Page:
Early or delayed puberty
Mandy (age 16) is a tad short-waisted, but grew 7 inches on growth hormone treatment! The doctors closely monitor wingspan (that is, outstretched arms fingertip to fingertip), to make sure it correlates to height. Otherwise they may have longer arms and be out of balance. The growth hormone adds energy and good spirits as well.
Some young children who receive radiation to the brain do not experience puberty at the appropriate age. As mentioned earlier, a very small percentage of children develop precocious puberty, which means puberty begins several years earlier than normal. This is most common in children who also have impaired growth. Conversely, puberty is significantly delayed in some children who have received cranial radiation.
A pediatric endocrinologist with extensive experience treating children and adolescents who had cancer should evaluate girls and boys who show signs of early or delayed puberty.
Problems with vision may occur as a result of tumor location, tumor spread, surgery, or radiation therapy. If such problems are present, the early involvement of a pediatric ophthalmologist and serial evaluations are important. Your child may need special glasses, selective seating in the classroom, or a reading machine. If your child has significant visual impairment or is considered legally blind, she is probably eligible for a variety of services, including Talking Books, a free library service (www.nlstalkingbooks.org). It is important that you keep a copy of all reports of your child’s vision testing for your records. Such reports are very useful when dealing with your child’s teachers and school administrators.
Although newer conformal treatments have reduced the late effects of radiation on teeth, cranial radiation given in previous decades often resulted in disrupted tooth development and in the blunting of roots of children’s permanent teeth. This resulted in some children missing certain permanent teeth or in early tooth loss because of shortened roots. Even with newer treatments, the involvement of a pedodontist (children’s dentist) is important.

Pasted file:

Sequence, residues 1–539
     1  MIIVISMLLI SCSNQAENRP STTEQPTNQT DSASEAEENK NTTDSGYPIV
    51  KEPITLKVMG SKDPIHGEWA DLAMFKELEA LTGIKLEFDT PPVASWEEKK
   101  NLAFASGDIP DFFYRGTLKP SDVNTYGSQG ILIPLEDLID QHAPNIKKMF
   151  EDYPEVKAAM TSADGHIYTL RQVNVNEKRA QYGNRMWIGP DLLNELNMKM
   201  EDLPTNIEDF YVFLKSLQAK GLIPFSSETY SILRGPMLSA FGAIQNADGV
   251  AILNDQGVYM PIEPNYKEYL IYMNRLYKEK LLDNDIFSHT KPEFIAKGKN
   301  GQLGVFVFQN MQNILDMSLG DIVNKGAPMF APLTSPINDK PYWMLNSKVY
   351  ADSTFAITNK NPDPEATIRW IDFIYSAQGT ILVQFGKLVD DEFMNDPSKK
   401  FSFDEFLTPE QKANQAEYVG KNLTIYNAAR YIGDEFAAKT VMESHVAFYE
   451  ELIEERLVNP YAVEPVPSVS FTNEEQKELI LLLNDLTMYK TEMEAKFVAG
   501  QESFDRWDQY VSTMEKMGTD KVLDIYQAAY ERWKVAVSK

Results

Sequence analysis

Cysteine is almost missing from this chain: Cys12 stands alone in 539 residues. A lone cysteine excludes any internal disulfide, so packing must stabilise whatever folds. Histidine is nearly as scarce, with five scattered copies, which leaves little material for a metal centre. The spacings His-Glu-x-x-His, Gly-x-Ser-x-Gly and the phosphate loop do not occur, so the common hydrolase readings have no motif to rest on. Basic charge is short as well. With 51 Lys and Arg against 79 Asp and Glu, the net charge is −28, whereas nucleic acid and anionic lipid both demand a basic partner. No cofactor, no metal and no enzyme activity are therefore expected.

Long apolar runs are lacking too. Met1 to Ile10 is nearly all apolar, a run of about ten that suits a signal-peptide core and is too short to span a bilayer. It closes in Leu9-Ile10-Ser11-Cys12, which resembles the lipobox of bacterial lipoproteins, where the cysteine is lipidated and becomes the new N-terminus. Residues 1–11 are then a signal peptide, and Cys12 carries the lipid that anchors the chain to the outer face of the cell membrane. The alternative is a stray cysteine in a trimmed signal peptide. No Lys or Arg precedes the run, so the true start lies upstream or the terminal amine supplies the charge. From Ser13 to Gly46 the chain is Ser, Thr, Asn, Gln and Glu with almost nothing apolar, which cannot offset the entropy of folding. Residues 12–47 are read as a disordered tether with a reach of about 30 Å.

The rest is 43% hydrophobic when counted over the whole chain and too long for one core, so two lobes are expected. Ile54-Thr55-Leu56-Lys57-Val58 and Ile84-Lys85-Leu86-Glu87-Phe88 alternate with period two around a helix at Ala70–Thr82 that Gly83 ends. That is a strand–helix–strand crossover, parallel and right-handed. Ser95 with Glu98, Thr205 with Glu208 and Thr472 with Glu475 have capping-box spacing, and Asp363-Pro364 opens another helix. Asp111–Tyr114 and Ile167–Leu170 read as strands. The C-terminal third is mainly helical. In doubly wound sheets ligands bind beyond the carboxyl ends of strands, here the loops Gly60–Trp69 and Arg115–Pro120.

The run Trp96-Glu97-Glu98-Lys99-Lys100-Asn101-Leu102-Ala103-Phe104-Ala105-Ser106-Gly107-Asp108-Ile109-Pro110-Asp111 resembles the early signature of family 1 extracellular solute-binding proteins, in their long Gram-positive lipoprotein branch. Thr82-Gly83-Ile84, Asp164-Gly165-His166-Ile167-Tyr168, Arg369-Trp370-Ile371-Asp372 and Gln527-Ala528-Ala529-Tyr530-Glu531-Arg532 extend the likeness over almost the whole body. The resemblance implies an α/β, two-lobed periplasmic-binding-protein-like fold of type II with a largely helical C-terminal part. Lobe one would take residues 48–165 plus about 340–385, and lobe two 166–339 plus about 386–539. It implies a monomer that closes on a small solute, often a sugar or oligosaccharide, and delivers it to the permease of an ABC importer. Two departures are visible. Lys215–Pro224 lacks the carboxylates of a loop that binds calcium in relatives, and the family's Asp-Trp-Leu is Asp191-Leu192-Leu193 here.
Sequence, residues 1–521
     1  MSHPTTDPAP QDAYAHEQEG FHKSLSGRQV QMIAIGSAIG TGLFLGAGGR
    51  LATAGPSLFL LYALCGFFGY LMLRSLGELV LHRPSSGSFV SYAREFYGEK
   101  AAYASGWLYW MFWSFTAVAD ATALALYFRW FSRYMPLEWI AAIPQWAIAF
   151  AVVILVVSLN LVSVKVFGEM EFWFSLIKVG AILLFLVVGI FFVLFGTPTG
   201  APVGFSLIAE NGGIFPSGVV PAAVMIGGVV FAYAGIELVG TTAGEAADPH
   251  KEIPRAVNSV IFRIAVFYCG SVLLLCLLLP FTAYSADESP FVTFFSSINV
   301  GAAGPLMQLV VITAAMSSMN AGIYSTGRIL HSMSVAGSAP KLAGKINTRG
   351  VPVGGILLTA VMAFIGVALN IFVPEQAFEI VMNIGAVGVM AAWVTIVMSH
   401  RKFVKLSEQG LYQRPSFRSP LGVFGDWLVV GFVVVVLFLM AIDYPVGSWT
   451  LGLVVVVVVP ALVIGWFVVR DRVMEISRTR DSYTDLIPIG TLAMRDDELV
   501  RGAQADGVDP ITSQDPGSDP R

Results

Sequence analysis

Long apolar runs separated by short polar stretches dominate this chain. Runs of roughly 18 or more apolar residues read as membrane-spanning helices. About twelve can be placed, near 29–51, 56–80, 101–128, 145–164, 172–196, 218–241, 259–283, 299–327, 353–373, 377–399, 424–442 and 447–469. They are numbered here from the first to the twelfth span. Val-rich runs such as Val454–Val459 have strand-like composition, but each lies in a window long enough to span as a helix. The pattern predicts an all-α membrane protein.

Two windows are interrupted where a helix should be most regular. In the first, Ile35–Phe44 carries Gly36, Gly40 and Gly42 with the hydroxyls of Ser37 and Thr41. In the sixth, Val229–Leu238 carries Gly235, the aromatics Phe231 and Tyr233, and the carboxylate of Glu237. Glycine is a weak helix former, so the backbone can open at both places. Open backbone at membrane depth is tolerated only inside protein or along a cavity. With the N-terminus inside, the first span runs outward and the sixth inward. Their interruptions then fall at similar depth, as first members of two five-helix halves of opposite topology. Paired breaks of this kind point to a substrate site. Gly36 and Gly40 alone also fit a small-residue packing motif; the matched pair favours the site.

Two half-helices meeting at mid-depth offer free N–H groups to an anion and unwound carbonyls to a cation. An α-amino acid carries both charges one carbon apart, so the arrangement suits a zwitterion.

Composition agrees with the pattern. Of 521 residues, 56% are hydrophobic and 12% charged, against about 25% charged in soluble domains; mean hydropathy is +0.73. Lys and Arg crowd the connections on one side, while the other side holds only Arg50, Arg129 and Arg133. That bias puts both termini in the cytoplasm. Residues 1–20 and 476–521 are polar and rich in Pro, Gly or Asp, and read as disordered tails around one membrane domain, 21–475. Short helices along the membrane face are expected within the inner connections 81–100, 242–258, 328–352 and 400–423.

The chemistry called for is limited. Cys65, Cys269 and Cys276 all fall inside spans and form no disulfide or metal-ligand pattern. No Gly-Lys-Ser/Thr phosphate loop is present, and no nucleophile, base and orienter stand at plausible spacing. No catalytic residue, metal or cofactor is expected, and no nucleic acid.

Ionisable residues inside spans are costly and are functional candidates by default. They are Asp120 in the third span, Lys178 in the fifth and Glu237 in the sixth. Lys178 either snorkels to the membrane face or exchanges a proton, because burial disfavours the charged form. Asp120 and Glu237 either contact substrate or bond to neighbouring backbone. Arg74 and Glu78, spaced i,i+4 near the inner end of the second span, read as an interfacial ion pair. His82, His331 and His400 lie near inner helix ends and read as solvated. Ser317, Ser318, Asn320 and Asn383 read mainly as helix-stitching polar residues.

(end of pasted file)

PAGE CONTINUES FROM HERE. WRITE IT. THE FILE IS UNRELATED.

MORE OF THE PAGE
Any child who received cranial or spinal radiation is at additional risk for dental decay because of diminished function of the salivary glands. Appropriate dental evaluations and treatment with fluoride preparations may be necessary. You should ask your radiation oncologist for a summary of the dose to the teeth and to let you know whether the dose is enough to be concerned about future dental problems.
Children who receive radiation to the brain have an increased risk of developing another tumor years after treatment. The risk is reported to range from 1 to 5 percent.
Despite the possibility of these short- and long-term effects, radiation therapy remains an important treatment for children with brain and spinal cord tumors. Technological advances have allowed for more targeted treatments intended to cure the child while minimizing or avoiding these complications.
As I carried my unconscious son back to the waiting room after radiation treatment, a woman there stared intently. On impulse, I took the seat next to her. As I arranged Ben into a bear hug with my arms wrapped around him, she whispered to me, “I’m so jealous.” I was taken aback by the heat in her voice. She told me she was making these daily treks with her son, too. Only, he was 21 years old, and wouldn’t let her hold him or hug him. It broke her heart to see Ben and I wrapped up in ourselves in that unique mom-child world of clinging hugs, multiple kisses, and rubby-faces. Her son was brave, a valiant independent young man, and she was proud of him. But what she really wanted to do was wrap herself around him, tuck his head under her chin, and make everything all better like she used to.
Table of ContentsAll Guides
- 1. Diagnosis
- 2. The Brain and Spinal Cord
- 3. Types of Tumors
- 4. Telling Your Child and Others
- 5. Choosing a Treatment
- 6. Coping with Procedures
- 7. Forming a Partnership with the Treatment Team
- 8. Hospitalization
- 9. Venous Catheters
- 10. Surgery
- 11. Chemotherapy
- 12. Common Side Effects of Chemotherapy
- 13. Radiation Therapy
- 14. Peripheral Blood Stem Cell Transplantation
- 15. Siblings
- 16. Family and Friends
- 17. Communication and Behavior
- 18. School
- 19. Sources of Support
- 20. Nutrition
- 21. Medical and Financial Record-keeping
- 22. End of Treatment and Beyond
- 23. Recurrence
- 24. Death and Bereavement
- 25. Looking Forward
- Appendix A. Blood Tests and What They Mean
- Appendix C. Books and Websites